Jesus gave us the Great Commandment: Love God and love your neighbor.
John Wesley built his Three General Rules of Methodism on this Great Commandment. He expanded “love your neighbor” into two rules: do no harm, and do good. The third rule was “to attend upon the ordinances of God,” which basically means to do worshipy kinds of things: prayer, fasting, study, and so on.
In our culture, I think we need to elaborate the Great Commandment again, because we have a tendency to think in individualistic terms. A Christian does not exist in isolation. We are baptized not only into a faith, but a faith community. We hold each other accountable to grow in grace together. When Jesus says “You are the light of the world,” he uses the second person plural form of “you.” It should really be “Y’all are the light of the world.”
Covenant Discipleship groups have often talked about four ways we love God and neighbor, both as individuals and as a community: Worship, devotion, compassion, and justice.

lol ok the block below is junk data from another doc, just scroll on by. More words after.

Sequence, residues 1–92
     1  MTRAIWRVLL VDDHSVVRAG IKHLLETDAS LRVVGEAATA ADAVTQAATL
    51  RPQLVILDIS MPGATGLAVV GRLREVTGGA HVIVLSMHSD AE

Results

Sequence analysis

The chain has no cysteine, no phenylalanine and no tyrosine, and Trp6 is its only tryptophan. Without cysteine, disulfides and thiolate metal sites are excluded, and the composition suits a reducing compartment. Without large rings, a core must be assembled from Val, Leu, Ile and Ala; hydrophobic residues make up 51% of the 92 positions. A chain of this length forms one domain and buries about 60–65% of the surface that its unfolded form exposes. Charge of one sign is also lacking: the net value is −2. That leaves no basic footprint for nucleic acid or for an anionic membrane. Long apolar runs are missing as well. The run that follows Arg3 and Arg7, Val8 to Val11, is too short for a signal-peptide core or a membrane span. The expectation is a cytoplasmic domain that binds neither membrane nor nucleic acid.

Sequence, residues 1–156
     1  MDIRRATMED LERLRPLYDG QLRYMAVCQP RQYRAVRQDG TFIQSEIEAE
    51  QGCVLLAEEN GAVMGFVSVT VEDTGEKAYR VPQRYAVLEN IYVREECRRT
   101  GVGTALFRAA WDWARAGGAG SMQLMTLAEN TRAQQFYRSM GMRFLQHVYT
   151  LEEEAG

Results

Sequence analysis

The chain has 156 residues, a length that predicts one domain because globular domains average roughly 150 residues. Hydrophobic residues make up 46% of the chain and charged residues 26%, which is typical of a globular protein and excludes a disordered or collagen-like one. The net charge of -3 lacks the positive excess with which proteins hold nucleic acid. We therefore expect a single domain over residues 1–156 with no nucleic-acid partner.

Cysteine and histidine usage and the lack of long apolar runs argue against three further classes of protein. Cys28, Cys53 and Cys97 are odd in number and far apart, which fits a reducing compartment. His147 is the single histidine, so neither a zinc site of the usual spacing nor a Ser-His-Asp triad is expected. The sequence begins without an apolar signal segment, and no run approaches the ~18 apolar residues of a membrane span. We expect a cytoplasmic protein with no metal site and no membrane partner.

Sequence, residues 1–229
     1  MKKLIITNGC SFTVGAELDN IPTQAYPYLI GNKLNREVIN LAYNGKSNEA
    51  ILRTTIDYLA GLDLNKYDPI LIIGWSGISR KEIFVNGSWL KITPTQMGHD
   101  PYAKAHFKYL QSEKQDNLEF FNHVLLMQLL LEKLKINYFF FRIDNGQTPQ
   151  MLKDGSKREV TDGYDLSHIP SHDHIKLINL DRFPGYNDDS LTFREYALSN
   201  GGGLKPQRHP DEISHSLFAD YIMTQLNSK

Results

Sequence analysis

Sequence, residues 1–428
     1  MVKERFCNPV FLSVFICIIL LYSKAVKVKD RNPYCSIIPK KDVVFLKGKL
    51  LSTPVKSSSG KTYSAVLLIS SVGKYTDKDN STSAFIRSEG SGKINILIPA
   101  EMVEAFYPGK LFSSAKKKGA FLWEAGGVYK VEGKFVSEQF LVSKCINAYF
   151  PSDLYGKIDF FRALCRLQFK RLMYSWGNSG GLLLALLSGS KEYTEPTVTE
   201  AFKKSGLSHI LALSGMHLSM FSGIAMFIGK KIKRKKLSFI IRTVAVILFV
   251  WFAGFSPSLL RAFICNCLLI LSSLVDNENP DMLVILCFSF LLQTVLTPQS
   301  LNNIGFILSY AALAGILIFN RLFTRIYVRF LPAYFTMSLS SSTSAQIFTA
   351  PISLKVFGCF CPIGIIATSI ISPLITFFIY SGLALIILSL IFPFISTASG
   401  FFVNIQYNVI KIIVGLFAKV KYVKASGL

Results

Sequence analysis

To these I like to add a fifth area: Witness.
“Witness” is a loaded word in Christian culture, though, because most people think of it as being primarily about evangelism. I like to point out that there are two meanings to the word “witness.” The first means to observe. The second means to tell.
This fifth area of discipleship is really about loving ourselves, or taking time to experience God’s love for ourselves. How has God been at work in your life before you were ever aware of it? How has God been working to save you and make you holier? How has God grown you in grace? What talents, gifts, passions, and experiences has God given you to shape you into the person you are?
If you can observe this kind of stuff for yourself, if you can know yourself better and how you fit into God’s project of salvage for the world, then you can also tell other people about it and invite them into the same mission. This is what many Christians understand as evangelism, but I think we often put the cart before the horse. Sharing good news emerges from our own experience of God’s grace, and witnessing that means learning to be aware of how God is already at work.
All of these areas overlap each other—worship blends into our daily life and how we serve others, our work of justice blends into how we conduct ourselves toward God. Witness touches everything we do, both as individuals and as a community. It shapes how we share hospitality with others and how we communicate the Good News.
This is our discipleship model at Saint Junia. It’s actually really simple: Love God with all your heart, soul, mind, and strength, and love your neighbor as yourself.